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Is there a way to limit how much CPU usage excel has access to when running? I have a VBA script that calculates a bunch of giant array formulas. The entire calculation takes maybe 20 minutes using 100% of my CPU but I can't use my machine during the time and would rather have it run in the background at like 50% CPU usage so I can continue to do other things. Any suggestions?

My OS is Windows 7 Enterprise 64-bit and the Excel version is 2007-32 bit

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Windows? Which version? – DavidPostill Jan 12 at 20:31
    
Windows 7. I'll add it to the post – learningAsIGo Jan 12 at 20:34
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Get a multicore CPU? If you already have one (who doesn't?) and Excel is using all the cores (which I didn't know Excel could do), then set its affinity in Task Manager. – user20574 Jan 12 at 22:06
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This doesn't answer the question, but make sure that you turn off window updates before you start calculating and updating thousands of cells. If you have any charts then turn them off too. VBA is slow, but when it's really slow then it's usually one or both of those to blame. – Coxy Jan 13 at 3:33
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@cat : No, a 100% CPU usage in Windows Task Manager means 100% across all logical processors. If only one core filled it will be either 25% (on a common dual core with hyper threading) or ~36% (turbo boosting). – Martheen Cahya Paulo Jan 15 at 1:31
up vote 54 down vote accepted

If a VBA function is called from several formulas or if your script generates or forces the recalculation of several formulas, then this should definitely make use of the multi-threaded calculation feature of Excel. Respectively, this would either run multiple instances of your VBA function for each formula, or recalculate multiple cells simultaneously while your vba script is running on a single thread.

You can limit the number of threads used by Excel to recalculate formulas in Excel Options... Advanced Tab... Formulas section.

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The VBA sub isn't the issue, it's the excel array formula that the VBA code generates. – learningAsIGo Jan 13 at 0:27
    
@learningAsIGo Right, I simplified my answer. Let us know whether setting the number of threads to 1 helps. – mtone Jan 13 at 0:30
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This seems to have done the trick. I set it to 3 cores and it maxes at 75% of CPU leaving me plenty of room to do other things. Thanks! – learningAsIGo Jan 13 at 1:00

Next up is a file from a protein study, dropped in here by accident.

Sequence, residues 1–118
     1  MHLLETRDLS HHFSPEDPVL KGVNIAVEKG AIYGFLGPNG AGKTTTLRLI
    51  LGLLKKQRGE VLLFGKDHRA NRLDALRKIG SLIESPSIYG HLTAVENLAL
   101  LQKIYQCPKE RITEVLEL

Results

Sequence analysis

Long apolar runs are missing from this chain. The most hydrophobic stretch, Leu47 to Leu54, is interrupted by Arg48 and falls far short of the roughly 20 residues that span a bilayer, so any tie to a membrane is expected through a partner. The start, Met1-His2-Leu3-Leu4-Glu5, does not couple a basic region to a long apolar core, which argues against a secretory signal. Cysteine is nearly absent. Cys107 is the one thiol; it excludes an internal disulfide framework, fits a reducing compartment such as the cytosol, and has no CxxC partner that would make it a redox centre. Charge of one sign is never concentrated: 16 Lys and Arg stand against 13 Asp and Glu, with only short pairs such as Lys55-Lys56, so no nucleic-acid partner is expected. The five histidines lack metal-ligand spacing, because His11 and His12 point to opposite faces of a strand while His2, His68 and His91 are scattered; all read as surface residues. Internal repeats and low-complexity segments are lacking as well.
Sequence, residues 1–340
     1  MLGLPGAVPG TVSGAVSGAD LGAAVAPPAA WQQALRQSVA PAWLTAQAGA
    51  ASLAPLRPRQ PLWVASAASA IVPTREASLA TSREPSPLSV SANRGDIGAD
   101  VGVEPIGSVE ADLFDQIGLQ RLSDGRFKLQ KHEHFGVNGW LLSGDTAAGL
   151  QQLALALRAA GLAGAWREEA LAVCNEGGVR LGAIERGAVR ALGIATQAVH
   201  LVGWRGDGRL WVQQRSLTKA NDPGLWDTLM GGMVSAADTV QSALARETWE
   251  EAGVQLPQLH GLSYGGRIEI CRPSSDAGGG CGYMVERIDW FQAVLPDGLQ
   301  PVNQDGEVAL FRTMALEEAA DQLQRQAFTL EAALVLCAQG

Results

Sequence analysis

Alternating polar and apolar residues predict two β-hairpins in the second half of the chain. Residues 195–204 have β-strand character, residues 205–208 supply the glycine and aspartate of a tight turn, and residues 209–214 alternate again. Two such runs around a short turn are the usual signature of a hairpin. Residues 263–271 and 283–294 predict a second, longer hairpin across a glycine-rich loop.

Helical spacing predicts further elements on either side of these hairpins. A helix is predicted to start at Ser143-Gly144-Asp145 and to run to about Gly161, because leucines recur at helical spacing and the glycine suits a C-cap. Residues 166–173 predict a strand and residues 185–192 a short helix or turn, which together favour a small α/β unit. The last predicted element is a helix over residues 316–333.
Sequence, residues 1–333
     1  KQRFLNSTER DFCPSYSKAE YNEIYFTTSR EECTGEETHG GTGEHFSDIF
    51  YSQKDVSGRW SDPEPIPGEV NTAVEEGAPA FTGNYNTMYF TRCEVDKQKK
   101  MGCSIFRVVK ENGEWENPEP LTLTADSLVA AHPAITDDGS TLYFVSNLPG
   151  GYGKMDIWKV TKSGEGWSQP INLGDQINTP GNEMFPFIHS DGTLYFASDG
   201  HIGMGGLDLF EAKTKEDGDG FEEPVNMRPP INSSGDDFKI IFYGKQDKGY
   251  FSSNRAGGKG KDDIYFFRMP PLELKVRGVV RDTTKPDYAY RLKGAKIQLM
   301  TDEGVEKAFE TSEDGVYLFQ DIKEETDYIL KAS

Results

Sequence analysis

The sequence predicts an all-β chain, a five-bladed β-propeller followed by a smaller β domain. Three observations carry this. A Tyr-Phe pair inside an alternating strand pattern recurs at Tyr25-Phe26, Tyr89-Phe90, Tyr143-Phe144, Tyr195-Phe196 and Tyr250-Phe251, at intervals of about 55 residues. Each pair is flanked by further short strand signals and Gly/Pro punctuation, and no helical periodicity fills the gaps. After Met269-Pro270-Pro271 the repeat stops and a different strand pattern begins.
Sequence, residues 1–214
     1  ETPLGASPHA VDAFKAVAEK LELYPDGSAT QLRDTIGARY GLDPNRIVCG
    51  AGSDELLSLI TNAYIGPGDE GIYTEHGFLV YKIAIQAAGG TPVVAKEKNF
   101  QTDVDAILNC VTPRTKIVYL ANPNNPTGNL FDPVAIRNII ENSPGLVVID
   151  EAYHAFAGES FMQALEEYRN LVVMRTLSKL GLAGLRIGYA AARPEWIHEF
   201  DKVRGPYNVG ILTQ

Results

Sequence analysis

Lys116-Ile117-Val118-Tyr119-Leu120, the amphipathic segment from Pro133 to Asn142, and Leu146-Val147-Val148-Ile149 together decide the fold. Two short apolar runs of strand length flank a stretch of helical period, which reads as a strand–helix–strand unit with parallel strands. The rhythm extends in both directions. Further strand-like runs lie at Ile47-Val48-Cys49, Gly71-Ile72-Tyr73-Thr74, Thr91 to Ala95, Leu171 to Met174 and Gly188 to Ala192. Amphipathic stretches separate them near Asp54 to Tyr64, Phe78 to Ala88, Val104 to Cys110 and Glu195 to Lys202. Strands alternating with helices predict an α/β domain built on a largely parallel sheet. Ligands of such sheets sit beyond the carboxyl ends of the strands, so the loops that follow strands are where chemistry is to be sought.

Instead of lowering the priority, try changing the affinity in the Task Manager. If you have more than 1 CPU, you can limit the number of CPUs Excel will use. This will free the other CPUs to work on other things.

Right click Excel in the Processes tab and select Set Affinity. Choose CPU(s) where you want Excel to run.

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Note that for affinity, Windows considers each core a CPU as well. (So this would work if you have a dual or quad core.) – jpmc26 Jan 12 at 23:33
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Well if talking specifically about cores, why not HyperThreading threads? They are also distinct logical CPUs. I.e. a quad-core CPU with HT will have 8 logical CPUs. – Ruslan Jan 13 at 10:31
    
I do this all the time when running HandBrake and just want to browse the internet for an hour without pausing or stopping the transcoding process. I think it would be worthwhile to mention that after some time the cores do get released back to the program and the affinity "resets", at least it happens to me with handbrake. – MonkeyZeus Jan 13 at 17:42
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@MonkeyZeus Usually, the affinity is not saved when a process exits. It only applies to the process currently running. It could be that HandBrake was spawning new processes itself or you started new ones. – jpmc26 Jan 14 at 1:40
    
@jpmc26 Good to know! I definitely did not start a new process myself so it must be spawning it on its own. – MonkeyZeus Jan 14 at 4:40

You can try lowering the priority of the excel process, by finding opening the task manager, switching to the "Details" or "Processes" tab (depending on your version of Windows), right clicking on the excel.exe process, and selecting a lower priority. This should give more CPU time to other processes.